The proposed merger between Energy Transfer Equity (NYSE:ETE) and Williams Companies (NYSE:WMB) is becoming one of the most fascinating boardroom dramas to hit the energy patch in the past few years. Despite what both companies say, neither seems too thrilled with their deal and have been searching high and low for a loophole to break their commitment. The latest attempt at a breakup stems from a tax issue after Energy Transfer's lawyers said that they might not be able to issue an opinion on taxes, which could impact the company's ability to close the deal.
The tax delay
When Energy Transfer Equity and Williams Companies agreed to combine last fall, they decided on a cash-and-stock merger whereby Williams shareholders would receive $8 per share in cash with the rest of the $43.50 merger consideration being paid via shares of a new company called Energy Transfer Corporation. Unlike Energy Transfer Equity this new entity would not be an MLP, but instead would be a C-Corp like Williams Companies. Because of this structure, Energy Transfer noted in the press release announcing the deal that "the transaction is expected to be tax-free to Williams' stockholders, except with respect to any cash received."
However, in an SEC filing this week, Energy Transfer Equity revealed that it had yet to obtain a tax opinion for its proposed merger with Williams Companies from its tax lawyers. What the company needs is a 721 opinion, which would deem the deal to be tax free for Williams shareholders for the stock portion of the deal. As such, it is a potentially big deal breaker for Williams Companies' investors because they could be on the hook for a big tax bill if the completion of the merger is deemed to be a taxable event. That said, Williams disagrees with the opinion of Energy Transfer Equity's lawyers and doesn't think the deal will trigger any taxes for its investors.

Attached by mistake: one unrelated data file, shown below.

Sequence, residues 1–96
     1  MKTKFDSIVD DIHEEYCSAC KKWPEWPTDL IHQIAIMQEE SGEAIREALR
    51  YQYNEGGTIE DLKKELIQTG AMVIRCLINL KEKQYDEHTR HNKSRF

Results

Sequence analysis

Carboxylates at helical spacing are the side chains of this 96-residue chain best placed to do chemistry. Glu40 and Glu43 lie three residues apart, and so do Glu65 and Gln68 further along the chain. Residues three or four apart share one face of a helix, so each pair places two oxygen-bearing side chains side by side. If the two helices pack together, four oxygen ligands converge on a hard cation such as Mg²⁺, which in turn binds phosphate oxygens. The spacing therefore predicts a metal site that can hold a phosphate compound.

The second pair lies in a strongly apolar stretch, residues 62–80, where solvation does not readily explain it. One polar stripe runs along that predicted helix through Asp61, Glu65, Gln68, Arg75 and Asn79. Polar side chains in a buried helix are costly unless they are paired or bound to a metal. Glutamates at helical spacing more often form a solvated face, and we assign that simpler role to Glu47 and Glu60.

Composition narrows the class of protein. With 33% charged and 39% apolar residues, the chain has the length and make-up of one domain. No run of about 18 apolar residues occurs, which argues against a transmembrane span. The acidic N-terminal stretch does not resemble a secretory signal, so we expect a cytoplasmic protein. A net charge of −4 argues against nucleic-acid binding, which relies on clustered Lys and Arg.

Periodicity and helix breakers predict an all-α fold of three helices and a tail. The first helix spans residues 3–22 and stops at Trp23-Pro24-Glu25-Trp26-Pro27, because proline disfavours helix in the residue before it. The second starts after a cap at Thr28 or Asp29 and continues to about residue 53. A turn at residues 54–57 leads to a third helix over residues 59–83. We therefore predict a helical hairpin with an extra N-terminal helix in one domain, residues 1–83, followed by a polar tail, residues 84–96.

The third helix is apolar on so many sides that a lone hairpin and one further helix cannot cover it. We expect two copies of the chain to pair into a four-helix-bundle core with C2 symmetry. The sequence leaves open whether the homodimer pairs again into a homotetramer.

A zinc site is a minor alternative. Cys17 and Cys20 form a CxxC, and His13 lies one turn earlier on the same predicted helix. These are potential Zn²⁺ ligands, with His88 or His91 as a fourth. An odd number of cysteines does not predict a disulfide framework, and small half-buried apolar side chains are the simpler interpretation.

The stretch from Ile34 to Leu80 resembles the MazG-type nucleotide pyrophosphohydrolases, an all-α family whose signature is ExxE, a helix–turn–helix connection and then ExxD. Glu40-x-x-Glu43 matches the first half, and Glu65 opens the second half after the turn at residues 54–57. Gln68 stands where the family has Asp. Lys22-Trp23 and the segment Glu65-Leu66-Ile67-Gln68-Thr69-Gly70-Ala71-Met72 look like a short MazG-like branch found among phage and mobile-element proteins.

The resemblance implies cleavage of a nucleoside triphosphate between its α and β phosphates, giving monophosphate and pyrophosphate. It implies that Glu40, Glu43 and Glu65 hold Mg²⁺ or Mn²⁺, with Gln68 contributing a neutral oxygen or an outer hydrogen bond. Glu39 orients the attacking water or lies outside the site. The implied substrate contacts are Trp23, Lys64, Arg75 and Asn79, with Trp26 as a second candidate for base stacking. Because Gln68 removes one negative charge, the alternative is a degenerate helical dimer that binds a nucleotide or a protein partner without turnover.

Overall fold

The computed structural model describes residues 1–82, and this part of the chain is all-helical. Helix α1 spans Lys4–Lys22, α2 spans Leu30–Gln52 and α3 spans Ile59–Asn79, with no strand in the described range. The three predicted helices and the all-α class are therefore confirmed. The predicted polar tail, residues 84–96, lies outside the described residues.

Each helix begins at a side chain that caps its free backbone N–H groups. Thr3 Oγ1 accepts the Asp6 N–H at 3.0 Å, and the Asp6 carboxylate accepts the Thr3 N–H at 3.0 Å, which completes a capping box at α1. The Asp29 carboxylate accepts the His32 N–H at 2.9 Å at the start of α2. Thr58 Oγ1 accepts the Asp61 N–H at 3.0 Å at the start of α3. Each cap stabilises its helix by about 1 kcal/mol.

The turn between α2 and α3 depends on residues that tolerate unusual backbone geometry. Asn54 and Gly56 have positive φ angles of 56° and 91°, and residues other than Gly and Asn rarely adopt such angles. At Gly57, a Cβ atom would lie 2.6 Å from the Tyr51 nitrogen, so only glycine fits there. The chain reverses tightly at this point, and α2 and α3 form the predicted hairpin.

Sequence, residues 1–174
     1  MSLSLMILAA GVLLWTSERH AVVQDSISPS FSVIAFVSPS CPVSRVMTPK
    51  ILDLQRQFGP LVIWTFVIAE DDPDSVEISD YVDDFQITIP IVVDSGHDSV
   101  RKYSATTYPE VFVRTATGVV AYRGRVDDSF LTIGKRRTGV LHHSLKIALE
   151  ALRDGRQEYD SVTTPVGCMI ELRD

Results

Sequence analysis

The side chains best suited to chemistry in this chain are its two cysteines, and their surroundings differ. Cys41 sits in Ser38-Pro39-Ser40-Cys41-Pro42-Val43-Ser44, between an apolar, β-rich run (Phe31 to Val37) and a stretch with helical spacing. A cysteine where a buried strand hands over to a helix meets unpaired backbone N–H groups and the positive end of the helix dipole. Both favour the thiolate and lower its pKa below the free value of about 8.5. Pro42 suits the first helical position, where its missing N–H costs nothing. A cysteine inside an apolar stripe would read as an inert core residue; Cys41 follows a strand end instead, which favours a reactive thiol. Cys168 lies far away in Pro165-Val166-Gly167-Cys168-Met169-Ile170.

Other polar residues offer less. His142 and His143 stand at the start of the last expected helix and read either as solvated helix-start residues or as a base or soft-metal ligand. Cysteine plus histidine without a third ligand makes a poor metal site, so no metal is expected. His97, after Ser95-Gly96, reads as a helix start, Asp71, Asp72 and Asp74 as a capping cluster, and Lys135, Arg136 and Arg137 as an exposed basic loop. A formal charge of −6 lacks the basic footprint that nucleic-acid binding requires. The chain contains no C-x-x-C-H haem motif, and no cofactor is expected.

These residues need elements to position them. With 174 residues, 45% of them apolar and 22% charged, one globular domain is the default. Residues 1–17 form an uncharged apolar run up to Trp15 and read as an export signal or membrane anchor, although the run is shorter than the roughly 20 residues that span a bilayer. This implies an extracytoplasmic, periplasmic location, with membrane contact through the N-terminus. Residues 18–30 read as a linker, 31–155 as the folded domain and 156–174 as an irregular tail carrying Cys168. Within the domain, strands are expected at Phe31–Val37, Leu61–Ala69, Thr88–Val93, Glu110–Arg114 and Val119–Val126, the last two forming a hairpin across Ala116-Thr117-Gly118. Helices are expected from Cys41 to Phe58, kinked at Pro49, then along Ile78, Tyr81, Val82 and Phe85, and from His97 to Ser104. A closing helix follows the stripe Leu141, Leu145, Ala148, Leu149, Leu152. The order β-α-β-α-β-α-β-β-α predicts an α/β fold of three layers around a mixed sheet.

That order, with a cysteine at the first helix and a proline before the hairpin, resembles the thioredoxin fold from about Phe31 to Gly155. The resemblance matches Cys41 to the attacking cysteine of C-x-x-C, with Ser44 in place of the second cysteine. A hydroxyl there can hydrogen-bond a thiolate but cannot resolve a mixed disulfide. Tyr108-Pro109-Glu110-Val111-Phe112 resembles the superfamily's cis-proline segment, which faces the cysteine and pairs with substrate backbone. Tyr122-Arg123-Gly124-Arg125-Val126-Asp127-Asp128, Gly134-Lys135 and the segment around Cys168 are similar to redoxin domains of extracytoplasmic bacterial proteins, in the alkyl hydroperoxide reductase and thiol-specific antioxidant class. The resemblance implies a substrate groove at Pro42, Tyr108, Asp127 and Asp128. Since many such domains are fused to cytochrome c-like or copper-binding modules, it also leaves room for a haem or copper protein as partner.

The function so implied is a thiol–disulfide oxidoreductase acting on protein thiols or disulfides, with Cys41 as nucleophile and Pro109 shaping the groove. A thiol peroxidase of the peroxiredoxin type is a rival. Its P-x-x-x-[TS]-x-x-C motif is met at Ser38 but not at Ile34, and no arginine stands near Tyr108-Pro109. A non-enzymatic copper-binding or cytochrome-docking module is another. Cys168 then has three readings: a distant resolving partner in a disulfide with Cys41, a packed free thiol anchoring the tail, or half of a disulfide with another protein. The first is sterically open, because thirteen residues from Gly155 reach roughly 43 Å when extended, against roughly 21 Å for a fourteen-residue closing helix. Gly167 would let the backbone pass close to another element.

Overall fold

Adding it to the list
This latest wrinkle in the deal is the first issue that has come up on the stock portion of the proposed transaction. Most of the issues prior to this have been on the cash portion of the deal, due primarily to the fact that Energy Transfer Equity will be borrowing an incremental $6 billion via a short-term bank loan to pay out the $8 per share in cash to Williams shareholders. It's debt that has the potential to sink both companies due to the oil market taking a turn for the worse since the deal's announcement. The debt has been called "mutually assured destruction" by Energy Transfer Equity's now former CFO, who was reportedly terminated for actively working to sabotage this deal.
It's the potential problems posed by the additional debt that led Energy Transfer Equity to issue Convertible Preferred Units to some of its investors in a private offering. In exchange those investors agreed to forgo their Energy Transfer Equity distributions for up to nine quarters so that the company could use the retained cash flow to whittle down its debt. However, it was an offering that Williams refused to sign off on, which is why it's now suing Energy Transfer Equity in order to reverse that exchange saying it gives favorable treatment to some investors, including Energy Transfers' CEO who was the recipient of half of the units. Not only that but, Energy Transfer had agreed not to "authorize the issuance of any other securities in respect of, in lieu of or in substitution for shares of its capital stock" as part of its merger agreement with Williams. That makes it a potential breach of the merger contract, which could be enough for Williams to terminate the deal if it wins in court.
The merger of Energy Transfer Equity and Williams Companies is looking less likely to close with each passing day. Both companies are searching high and low for the loophole that will get them out of the deal, with the market hoping they find a solution soon. It will be interesting to see if they do find a way out, or if they're forced to close a transaction that at the moment no one wants to see happen, at least under the current terms.
Matt DiLallo has no position in any stocks mentioned. The Motley Fool has no position in any of the stocks mentioned. Try any of our Foolish newsletter services free for 30 days. We Fools may not all hold the same opinions, but we all believe that considering a diverse range of insights makes us better investors. The Motley Fool has a disclosure policy.